Although there isn’t a set daily restriction for how long a driver can work in a day (between rest periods), the requirements for a decreased daily rest period of 9 hours in a day essentially prohibits truck drivers from working days longer than 15 hours more than three times per week. The longest workday is 13 hours when a driver is taking their 11-hour daily rest break in its entirety.

The working day is comprised of time tracked for driving, other tasks, breaks, and availability intervals in between daily/weekly rest periods. The breaks and availability times must be taken into account when calculating the working day for a lorry driver even though working time only involves driving or other work in order to ensure that the required amount of daily rest has been obtained.

A period of availability refers to waiting time, that is neither a break or a rest. A HGV driver’s period of availability must include the time they are available to start working or pick up where they left off. The period and its length should be known to the driver in advance, either before leaving or before the beginning of the relevant period.


Need assistance?

When dealing with workforce issues, it is important to consider the full legal risks and rights of your workers. DavidsonMorris’ employment lawyers are on hand to help you assess the circumstances and understand the options that are in your best interests, not least to avoid unwanted tribunal claims and damage to reputation.

As employment law specialists, we can assist if you have any queries relating to working conditions, employee rights and the legal risks of making changes to contractual terms. Speak to our experts today for advice.


Rest breaks at work FAQs

What are the rules for toilet breaks?

There are no specific rules for toilet breaks; the only compulsory daily break is that of twenty minutes after six hours of work.

However, it is not recommended to try to restrict toilet breaks, as this could cause health problems for employees, and does not send a positive message to employees. Therefore, it is expected that both employee and employer will approach this in a responsible and respectful manner.

What are the rules for lunch breaks?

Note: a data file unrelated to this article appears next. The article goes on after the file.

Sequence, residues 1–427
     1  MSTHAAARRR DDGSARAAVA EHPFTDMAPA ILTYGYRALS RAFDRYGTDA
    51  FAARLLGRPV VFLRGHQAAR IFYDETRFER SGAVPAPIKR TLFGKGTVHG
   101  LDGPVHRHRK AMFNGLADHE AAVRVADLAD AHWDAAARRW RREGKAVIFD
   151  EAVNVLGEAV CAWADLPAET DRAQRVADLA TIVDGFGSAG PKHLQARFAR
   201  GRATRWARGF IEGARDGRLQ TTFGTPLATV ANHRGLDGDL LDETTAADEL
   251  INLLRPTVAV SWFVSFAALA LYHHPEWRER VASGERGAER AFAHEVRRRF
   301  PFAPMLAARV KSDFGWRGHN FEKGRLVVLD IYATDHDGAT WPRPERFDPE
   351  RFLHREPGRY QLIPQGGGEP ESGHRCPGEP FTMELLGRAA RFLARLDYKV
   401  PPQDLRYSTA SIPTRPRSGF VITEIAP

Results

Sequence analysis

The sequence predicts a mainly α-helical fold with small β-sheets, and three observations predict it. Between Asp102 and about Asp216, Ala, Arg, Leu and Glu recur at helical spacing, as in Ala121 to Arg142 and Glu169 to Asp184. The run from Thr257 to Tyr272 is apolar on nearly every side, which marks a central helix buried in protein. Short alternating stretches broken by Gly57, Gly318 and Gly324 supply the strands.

Lunch breaks per se are not covered by the Working Time Regulations. However, most employment contracts contain the right to a lunch break of one hour, and should also state whether this is paid or unpaid.

Can employees take longer breaks during hot weather?

No, there is no provision for employees to take longer breaks during hot weather. In fact, there is no specified legal maximum temperature in the workplace at all (although there is a minimum temperature). The Health and Safety at Work Act states that the temperature in the workplace should be reasonable, which depends on what type of work is being done and where. However, employers should take account of employees who may be especially sensitive to the heat, and need extra breaks as a result. For example, pregnant employees, those with medical conditions and older employees.

Last updated: 26 August 2022


Founder and Managing Director Anne Morris is a fully qualified solicitor and trusted adviser to large corporates through to SMEs, providing strategic immigration and global mobility advice to support employers with UK operations to meet their workforce needs through corporate immigration.

She is a recognised by Legal 500and Chambers as a legal expert and delivers Board-level advice on business migration and compliance risk management as well as overseeing the firm’s development of new client propositions and delivery of cost and time efficient processing of applications.

Anne is an active public speaker, immigration commentator, and immigration policy contributor and regularly hosts training sessions for employers and HR professionals

About DavidsonMorris

As employer solutions lawyers, DavidsonMorris offers a complete and cost-effective capability to meet employers’ needs across UK immigration and employment law, HR and global mobility.

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Legal Disclaimer

The matters contained in this article are intended to be for general information purposes only. This article does not constitute legal advice, nor is it a complete or authoritative statement of the law, and should not be treated as such. Whilst every effort is made to ensure that the information is correct at the time of writing, no warranty, express or implied, is given as to its accuracy and no liability is accepted for any error or omission. Before acting on any of the information contained herein, expert legal advice should be sought.